The (Design) Search Continued.
Wim Bruynooghe: Reconstructing the artist-muse dynamic in fashion.
In another instalment of our collaboration, Sleek takes us on the road to meet six of the most exciting young graduate designers working to redefine fashion today. From anarchy in Amsterdam and despair in Belgium’s artiest city, all the way to headwear that defies description in London’s East End, here is the new breed of creatives imagining what fashion fans will be wearing tomorrow. Read about part one of this trip here. Visitors to Wim Bruynooghe’s flat in central Antwerp would be forgiven for thinking he might be living with his grandmother. That’s a compliment – everything here looks ancient, thought-out and cute.
Black and white portraits surrounded by ornate golden frames hang above antique furniture, and here and there we find tiny little treasures, like a beaded handbag from the 1920s.
Searching the muse.
The 25-year-old, Bruges-born designer’s MA collection is an exploration of the complex relationship between the artist and the muse. “My boyfriend was once a muse to another artist. I thought it was ridiculous. I was quite negative about it, but I didn’t want to judge so I studied this relationship instead.” The artist-turned-fashion designer quickly realised that the artist/muse relationship is too tangled to merely label as unbalanced. “You have to look closer to see what’s really going on. Muses too are powerful. They influence the artist and give him the necessary source to create, so the lines of power become blurred. I wanted to capture the artist’s desire for immortalisation and at the same time give the muse a chance for emancipation.” Wim presents this compromise in two layers: the under layers are strong, skin-coloured bodycon dresses accentuating the muse’s shape. The top layers he describes as a “cultural fossil”.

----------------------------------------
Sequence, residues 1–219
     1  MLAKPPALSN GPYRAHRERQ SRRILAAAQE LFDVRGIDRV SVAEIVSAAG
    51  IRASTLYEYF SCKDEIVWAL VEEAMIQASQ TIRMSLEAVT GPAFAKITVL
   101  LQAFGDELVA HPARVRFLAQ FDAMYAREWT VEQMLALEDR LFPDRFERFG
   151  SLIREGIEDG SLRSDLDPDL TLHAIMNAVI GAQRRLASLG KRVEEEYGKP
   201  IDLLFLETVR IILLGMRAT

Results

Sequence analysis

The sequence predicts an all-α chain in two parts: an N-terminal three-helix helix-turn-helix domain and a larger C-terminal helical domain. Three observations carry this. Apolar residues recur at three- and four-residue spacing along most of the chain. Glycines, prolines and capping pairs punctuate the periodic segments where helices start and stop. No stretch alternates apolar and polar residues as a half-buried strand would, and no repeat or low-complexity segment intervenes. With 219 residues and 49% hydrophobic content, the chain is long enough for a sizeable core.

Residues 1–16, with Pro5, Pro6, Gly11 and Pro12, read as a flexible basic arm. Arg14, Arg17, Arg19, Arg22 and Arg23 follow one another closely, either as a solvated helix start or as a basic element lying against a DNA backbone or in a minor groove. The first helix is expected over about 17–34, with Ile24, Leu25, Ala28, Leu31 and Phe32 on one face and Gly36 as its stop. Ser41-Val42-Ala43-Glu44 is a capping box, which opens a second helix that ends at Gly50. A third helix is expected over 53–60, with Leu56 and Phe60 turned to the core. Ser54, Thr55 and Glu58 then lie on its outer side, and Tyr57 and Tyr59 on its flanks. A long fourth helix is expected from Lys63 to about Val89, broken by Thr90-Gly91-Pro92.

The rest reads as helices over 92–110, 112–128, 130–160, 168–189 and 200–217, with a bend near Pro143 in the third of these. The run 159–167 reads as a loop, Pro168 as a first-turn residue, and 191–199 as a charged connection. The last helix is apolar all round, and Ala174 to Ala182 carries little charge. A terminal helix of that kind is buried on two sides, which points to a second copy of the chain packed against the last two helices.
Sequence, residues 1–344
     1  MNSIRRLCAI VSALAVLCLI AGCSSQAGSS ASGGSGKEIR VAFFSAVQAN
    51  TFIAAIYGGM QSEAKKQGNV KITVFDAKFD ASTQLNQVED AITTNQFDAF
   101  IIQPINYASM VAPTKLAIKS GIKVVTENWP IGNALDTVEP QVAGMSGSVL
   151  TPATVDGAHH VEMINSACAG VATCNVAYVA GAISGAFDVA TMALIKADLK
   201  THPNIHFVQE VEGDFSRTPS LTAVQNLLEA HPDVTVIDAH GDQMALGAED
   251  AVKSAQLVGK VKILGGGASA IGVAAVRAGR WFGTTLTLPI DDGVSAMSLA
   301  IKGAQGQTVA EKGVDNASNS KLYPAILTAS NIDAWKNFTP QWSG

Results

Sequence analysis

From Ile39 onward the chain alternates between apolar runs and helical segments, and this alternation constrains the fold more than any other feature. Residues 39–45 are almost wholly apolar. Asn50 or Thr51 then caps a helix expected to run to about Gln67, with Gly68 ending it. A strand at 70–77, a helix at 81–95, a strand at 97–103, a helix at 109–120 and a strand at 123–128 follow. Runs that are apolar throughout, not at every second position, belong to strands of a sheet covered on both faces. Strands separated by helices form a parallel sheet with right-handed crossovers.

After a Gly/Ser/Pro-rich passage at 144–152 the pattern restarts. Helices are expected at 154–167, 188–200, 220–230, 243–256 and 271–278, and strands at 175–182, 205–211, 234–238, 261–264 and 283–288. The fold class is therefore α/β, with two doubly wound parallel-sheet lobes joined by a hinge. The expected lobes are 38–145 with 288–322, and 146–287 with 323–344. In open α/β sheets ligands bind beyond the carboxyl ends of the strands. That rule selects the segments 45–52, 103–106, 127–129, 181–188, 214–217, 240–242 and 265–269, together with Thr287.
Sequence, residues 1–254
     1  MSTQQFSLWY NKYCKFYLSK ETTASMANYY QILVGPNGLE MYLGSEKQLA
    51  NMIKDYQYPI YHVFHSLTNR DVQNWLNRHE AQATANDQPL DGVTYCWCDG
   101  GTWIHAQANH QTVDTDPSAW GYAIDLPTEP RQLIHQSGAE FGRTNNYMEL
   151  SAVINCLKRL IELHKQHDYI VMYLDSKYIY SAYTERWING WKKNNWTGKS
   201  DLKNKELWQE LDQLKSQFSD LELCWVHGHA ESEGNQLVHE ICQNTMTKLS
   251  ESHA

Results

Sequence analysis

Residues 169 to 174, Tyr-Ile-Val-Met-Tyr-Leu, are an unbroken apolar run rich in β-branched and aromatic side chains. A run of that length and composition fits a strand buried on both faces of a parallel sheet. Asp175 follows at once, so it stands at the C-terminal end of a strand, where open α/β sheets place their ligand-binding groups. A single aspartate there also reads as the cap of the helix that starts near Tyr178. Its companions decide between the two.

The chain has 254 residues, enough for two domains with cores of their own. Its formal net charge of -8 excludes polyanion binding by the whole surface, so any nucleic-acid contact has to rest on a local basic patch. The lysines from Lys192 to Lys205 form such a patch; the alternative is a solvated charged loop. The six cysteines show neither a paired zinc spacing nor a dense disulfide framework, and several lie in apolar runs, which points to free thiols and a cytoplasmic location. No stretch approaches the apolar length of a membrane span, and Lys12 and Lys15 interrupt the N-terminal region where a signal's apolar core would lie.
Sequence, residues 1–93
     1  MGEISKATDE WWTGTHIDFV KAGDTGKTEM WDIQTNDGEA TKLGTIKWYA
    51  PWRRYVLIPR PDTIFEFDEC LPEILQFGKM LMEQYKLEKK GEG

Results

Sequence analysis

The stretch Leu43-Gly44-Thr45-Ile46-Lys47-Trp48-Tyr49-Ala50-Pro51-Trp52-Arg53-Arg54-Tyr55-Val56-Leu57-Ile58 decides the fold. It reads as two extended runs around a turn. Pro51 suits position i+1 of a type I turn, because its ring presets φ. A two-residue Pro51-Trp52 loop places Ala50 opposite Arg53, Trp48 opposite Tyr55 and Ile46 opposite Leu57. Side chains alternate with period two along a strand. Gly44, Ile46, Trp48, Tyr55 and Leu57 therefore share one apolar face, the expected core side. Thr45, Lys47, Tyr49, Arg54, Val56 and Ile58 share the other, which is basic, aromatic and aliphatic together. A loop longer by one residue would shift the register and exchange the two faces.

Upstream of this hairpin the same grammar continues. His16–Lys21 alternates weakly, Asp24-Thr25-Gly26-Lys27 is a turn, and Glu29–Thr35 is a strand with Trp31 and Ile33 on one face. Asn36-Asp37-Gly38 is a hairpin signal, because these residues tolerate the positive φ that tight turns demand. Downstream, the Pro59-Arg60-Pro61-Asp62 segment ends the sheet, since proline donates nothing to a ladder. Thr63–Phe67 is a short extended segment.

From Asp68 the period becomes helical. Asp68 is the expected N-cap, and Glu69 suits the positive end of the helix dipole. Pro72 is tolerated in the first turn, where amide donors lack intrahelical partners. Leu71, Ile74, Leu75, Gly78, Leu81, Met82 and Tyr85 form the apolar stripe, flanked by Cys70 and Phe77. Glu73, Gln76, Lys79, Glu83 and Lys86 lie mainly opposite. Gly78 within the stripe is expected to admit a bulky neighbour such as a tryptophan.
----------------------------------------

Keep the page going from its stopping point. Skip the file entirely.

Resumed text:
Jaimee McKenna: visions in navy and cobalt, built from yarn and stitch.
Our journey in the Mercedes-Benz GLK 250 takes us to London, city of energy and eccentricity. And one thing was evident upon entering designer Jaimee McKenna’s North London flat: this girl loves knit. Countless spools of yarn fill her room, books on yarn and knitting line her bookshelves and there are not one but three knitting machines. “My fourth knitting machine, an industrial-sized one, is up north at my parents’ place, and I’ve just bought a new one on eBay. Apparently, I’m a knit machine addict,” she says, mock-surprised. It’s a good thing, seeing as her MA Central Saint Martins graduate collection consists solely of knits, all made using her beloved machines. With her graduate collection, Jaimee took pleats to another level.
Yves Klein as wavy clothes.
Her knit dresses, tops and skirts are as much sculptures as they are garments. The dresses are long, layered, billowing and structured almost like boxes, yet there is a calming flow that runs through all of her pieces thanks to Jaimee’s restrained choice of colours: cobalt and navy. That’s it. “I saw an Yves Klein painting at the Tate and it was like ‘Bam!’ – such a saturated colour with such presence. That’s what I wanted to put into the garment,” she recalls, heaving her pet rabbit Dougie out of his cage and on to her lap. Cobalt dominates each piece, with navy making a guest appearance at the bottom of separate garments. “I had done dip-dye in previous collections so I brought in that element as an effect.” Jaimee is now planning to work as a freelance knitter and looking to make a capsule collection. Another knitted collection, of course. But why knit, exactly?
“The fact that you are constructing your fabric as well as the design gives you full control. It’s completely your baby – the possibilities are endless.”
Ana Rajcevic: sculpture as fashion from this radical architect manquée.
We park the car somewhere deep in East London for the final stop on our search for the best new design talent, and meet Ana Rajcevic. Defining what she does is difficult, nearly impossible: “I find that what is not defined really fascinating. I believe what I make is sculpture but also fashion and maybe it’s even contemporary jewellery too – it kind of isn’t, but it could be,” she remarks. The 29-year-old Serb, who is a studied architect, completed her Fashion Artefact MA at the University of Arts, London, with her award-winning collection “ANIMAL: The Other Side of Evolution” – a unique eight-piece fibreglass and polyester resin interpretation of animal anatomy through headpieces.
These signatures and approaches won her LCF’s “Best Design Award 2012” and “Accessories Collection of the Year”. Half her collection is currently with Lady Gaga, who will wear them in her next music video. The next collection of headpieces is a variation on the theme; this time, however, the wearer’s eyes will be covered. “Obstructing the view of a person not only robs them of their sight but hides their face from others – it creates a question of power. I want to play with that. I’ll do something more ready-to-wear at some point. I’ll go commercial. It’s good to have something to switch to.”
Read the full article on mb! by Mercedes-Benz.